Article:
None of the critics faults the coverage for inaccuracy or misstatement. Some, like Mrs. Zappone, see imbalance by volume; that is, stories on the closures debate outweighing ongoing school activities. Others point the charge at what they perceive as onesidedness in stories on board actions as racial considerations became involved. One critic remarked that the articles "do not show that to agree with the board is nnot to assume bigotry," betraying a misunderstanding between the function of news and editorial columns.

The first significant story, "The School Closings Battle Begins," appeared Oct. 1, 1981. It reported that the board promised a decision by Dec. 1. It contained facts and figures of the superintendent of schools' "master" plan, noting a significant decrease in student population as the prime reason for closing. It made clear also that opponents saw racial considerations involved.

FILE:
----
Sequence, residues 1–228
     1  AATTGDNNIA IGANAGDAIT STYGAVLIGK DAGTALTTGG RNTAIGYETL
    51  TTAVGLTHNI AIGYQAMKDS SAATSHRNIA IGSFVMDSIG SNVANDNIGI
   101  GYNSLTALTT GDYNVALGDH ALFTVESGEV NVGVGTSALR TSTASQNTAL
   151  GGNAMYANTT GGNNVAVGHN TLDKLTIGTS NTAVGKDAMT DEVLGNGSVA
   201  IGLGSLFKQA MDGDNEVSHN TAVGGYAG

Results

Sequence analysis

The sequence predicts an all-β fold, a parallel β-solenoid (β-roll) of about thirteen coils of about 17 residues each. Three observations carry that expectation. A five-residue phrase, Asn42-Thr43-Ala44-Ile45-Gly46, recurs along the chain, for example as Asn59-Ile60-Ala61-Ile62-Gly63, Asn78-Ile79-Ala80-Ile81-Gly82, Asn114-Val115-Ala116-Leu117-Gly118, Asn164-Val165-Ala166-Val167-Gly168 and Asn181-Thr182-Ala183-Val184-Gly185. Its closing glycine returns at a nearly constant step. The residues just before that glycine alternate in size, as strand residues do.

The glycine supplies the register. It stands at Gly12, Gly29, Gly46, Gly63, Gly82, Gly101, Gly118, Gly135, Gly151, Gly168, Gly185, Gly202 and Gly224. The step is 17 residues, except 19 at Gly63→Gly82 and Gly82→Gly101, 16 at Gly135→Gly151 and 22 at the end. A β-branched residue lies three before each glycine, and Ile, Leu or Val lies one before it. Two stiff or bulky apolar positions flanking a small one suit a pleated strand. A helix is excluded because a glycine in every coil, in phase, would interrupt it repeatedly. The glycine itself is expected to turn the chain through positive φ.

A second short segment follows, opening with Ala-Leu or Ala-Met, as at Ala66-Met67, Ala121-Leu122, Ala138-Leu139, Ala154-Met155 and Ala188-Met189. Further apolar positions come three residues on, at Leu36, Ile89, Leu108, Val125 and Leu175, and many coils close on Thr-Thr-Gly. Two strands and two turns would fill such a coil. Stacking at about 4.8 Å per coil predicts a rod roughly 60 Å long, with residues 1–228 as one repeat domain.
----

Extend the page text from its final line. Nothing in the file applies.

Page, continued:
Two other stories that week reported some parents resisting splitting up schools that had been "paired" under an earlier board's decision. A separate story Oct. 6 noted that a committee would "check schools' racial policies."

Two days later, the paper ran a piece totally off the debate that, among other things, said that "more than 80 percent of parents surveyed said the schools are very satisfactory . . . ." It noted the schools had earned a collective "A" or "B" academically, comparing them favorably with a nationwide Gallup survey. Stories of this nature continued to run, principally in the Maryland Weekly pages. In late October, one dealt with the enthusiastic use of a computer by elementary school pupils. Another, on Oct. 22, was a nice takeout on the annual "showcase" of cultural arts at Albert Einstein High School.